But it doesn't take long for him to find out. Arriving at the school, he is immediately stripped of everything Navajo - his beautiful traditional long black hair is shaved off, his Navajo clothes replaced by a uniform, the family's turquoise and silver jewelry he wore is taken never to be seen again and his Navajo name, Kii Yázhí, becomes the anglicized Ned Begay. But the worst was being told he could never speak his beloved Navajo language again. The punishments were harsh for anyone caught speaking Navajo, as Ned discovered one day after greeting one of the teachers in Navajo. And just to make sure they understand things, the students are continuously reminded that all things Navajo are bad, and their language most of all.
But Ned adjusts to life in the mission school and does very well, eventually returning home and going to the Navajo high school. It is his hope to become a teacher, one who respects all his Indian students. But, when Ned is 16, the United States is attacked by the Japanese, and reports of what happened in Pearl Harbor prompt his to want to join the Marines. But he must wait a year before his parents will give him permission.
When he finally does join the Marines, he finds himself part of a group of other Navajos Ned finishes boot camp and to his surprise, he and the other Navajos are not given the usual furlough Marines are given afterwards. Instead, they are taken to an isolated location and Ned fears it will be mission boarding school all over again.
It is school, but it is a far cry from mission school. In mission school, Ned and the other students would have to secretly speak Navajo, but now, they were being asked to use their sacred language to help the United States win the war against Japan. It is Ned's job and the job of all the Navajo Marines to turn their language into a secret code. And they cannot tell a single solitary person about what they are doing.
Eventually, Ned ships out to the Pacific theater where he is a radio operator, trained to both give and receive messages using the code he helped develop. Ned and the other Marines fight their way across the Pacific theater of Guadalcanal, Bourgainville, Guam Iwo Jima and Okinawa, in some of the bloodiest fighting of the war. All the while, Ned feels pride and satisfaction knowing that his beloved language used as a Navajo code cannot be broken by the Japanese. Ned serves in the Pacific until the end of the war, but the reader should keep in mind that in 1945, he was still just a teenage boy.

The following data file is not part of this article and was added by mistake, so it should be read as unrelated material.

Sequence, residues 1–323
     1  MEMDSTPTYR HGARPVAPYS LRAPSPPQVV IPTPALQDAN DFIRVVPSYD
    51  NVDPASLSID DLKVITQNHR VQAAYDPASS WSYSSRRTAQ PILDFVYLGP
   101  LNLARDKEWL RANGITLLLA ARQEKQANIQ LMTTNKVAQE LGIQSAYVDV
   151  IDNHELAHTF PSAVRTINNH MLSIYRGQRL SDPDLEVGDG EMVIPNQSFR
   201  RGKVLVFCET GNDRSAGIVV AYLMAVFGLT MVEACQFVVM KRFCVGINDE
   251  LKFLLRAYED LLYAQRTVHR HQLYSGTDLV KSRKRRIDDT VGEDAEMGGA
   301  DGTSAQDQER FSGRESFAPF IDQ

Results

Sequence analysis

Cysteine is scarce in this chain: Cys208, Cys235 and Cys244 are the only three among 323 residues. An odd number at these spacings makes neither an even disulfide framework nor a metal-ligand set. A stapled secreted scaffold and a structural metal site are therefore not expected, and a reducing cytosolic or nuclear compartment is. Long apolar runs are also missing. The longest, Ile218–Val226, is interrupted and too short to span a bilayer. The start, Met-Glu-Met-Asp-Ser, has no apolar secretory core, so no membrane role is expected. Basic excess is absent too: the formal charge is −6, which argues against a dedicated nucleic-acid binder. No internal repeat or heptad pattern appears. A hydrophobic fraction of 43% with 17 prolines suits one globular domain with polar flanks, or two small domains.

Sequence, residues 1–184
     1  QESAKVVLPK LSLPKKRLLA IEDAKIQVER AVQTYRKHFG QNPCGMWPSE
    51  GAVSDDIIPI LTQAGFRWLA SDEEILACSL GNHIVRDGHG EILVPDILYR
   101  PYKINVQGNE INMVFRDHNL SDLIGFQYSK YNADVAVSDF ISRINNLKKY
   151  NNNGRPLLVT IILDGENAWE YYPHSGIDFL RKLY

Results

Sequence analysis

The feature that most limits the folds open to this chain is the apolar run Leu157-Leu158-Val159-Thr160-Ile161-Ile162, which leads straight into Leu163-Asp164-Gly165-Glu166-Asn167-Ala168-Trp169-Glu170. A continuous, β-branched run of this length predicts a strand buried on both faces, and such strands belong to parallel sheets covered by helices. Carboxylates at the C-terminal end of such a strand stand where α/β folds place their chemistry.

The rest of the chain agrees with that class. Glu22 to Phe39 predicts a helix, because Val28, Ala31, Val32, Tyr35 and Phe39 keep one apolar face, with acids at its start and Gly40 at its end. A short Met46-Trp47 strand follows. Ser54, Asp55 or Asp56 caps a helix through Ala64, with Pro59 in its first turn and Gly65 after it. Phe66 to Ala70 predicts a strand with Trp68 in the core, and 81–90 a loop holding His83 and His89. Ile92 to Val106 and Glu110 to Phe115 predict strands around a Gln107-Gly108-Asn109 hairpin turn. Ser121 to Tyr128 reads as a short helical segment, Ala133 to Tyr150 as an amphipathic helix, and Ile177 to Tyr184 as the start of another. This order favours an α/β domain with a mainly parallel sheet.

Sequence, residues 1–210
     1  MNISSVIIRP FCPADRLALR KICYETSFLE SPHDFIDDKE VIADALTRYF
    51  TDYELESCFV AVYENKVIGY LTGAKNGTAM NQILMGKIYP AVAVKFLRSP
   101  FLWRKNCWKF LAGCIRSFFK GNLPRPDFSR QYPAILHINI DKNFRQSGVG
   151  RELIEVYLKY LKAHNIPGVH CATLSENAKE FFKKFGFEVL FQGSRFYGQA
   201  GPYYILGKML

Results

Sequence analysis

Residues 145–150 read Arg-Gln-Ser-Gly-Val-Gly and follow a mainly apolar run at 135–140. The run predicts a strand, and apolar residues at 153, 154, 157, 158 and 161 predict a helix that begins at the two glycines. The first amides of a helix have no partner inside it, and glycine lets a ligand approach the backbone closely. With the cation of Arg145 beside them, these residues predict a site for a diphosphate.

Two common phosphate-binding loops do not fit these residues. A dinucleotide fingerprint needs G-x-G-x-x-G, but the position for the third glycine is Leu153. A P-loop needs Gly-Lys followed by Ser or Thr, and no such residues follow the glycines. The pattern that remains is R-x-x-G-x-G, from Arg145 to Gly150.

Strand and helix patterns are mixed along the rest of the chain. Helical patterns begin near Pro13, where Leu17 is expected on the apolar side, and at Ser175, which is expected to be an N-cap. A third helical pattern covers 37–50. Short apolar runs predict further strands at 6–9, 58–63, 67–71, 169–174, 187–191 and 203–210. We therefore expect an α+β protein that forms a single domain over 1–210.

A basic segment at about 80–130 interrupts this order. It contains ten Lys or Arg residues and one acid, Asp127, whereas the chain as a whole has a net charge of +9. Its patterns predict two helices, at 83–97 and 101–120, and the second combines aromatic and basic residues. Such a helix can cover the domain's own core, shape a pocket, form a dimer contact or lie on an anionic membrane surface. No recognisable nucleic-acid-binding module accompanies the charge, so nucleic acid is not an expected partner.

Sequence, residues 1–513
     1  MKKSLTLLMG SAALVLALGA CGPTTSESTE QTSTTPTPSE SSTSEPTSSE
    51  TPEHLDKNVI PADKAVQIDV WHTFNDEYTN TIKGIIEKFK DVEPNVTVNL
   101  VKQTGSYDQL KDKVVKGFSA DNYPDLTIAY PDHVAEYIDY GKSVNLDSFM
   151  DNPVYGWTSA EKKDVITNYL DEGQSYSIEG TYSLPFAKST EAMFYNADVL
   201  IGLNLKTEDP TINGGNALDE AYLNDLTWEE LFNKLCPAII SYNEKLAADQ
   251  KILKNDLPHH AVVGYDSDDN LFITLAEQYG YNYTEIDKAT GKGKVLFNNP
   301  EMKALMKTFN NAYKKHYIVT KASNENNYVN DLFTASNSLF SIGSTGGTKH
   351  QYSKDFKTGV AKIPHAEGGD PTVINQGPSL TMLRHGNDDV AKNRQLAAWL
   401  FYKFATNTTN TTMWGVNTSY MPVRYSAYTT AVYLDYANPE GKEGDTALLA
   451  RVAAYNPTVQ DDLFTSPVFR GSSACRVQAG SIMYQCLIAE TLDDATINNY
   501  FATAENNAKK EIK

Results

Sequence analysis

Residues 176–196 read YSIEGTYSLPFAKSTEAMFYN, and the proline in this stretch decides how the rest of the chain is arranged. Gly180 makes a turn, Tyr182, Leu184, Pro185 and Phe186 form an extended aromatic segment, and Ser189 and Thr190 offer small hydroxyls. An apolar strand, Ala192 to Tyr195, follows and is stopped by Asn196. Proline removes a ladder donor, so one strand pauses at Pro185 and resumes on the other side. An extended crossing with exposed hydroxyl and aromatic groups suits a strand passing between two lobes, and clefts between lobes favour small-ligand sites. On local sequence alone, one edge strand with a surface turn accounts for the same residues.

Code Talker is a realistic novel about the war and about the life of the Code Talkers. Bruchac wrote it using a framing technique, so the young reader knows from the beginning that Ned survived the war. As an elderly grandfather now, Ned tells his story fluidly and fluently. Bruchac's plot is tight and straightforward, as is the language used. Any reference to Navajo culture, custom, or way of life is respectfully explained within the story but without taking the reader away from the story. For my part, however, I found the narrators voice is so intimate that after a while I begin to feel like I was sitting among his grandchildren listening to his story. That, to me, is the sign of a really good book.
Although this is a book that is also about war, and covers some of the harshest, bloodiest fighting in circumstance that are difficult to imagine, it really has a very low key way of handling the combat sections. They are more focused on Ned and the other marines than in anything else. And the reader learns how men (and now women) survive in combat, from living in foxholes that had to dig themselves under enemy fire, to making soup in their helmets and constantly dealing with lice and rats
You might be interested in knowing that from the original 29 Code Talkers by the end of the war there were more than 400, including men from the Choctaw, Comanche, Navajo and Hopi tribes, all using their own tribal language. The Code Talkers were not allowed to speak of their wartime accomplishment until 1969, when their work was declassified. In 2000, President Clinton awarded the original 29 Navajo Code Talkers the Congressional Gold Medal, and the other Code Talkers the Congressional Silver Medal (which is the medal that sparks Ned's story). Sadly, in June 2014, the last living Code Talker, Chester Nez, passed away at age.
Do read Code Talker if you are interested in Native Americans, codes and/or WWII. It may read a little slowly at times, but it is well worth it. Bruchac includes an Author's Note at the back of the novel, as well as a Selected Bibliography that includes books about Navajos, books about the Code Talkers and books about WWII for anyone interested in more information.
A useful discussion guide for Code Talker is available from the publisher, Scholastic
This short piece will give you a sense of what Ned Begay experienced and his legacy
This book is recommended for readers age 10+
This book was purchased for my personal library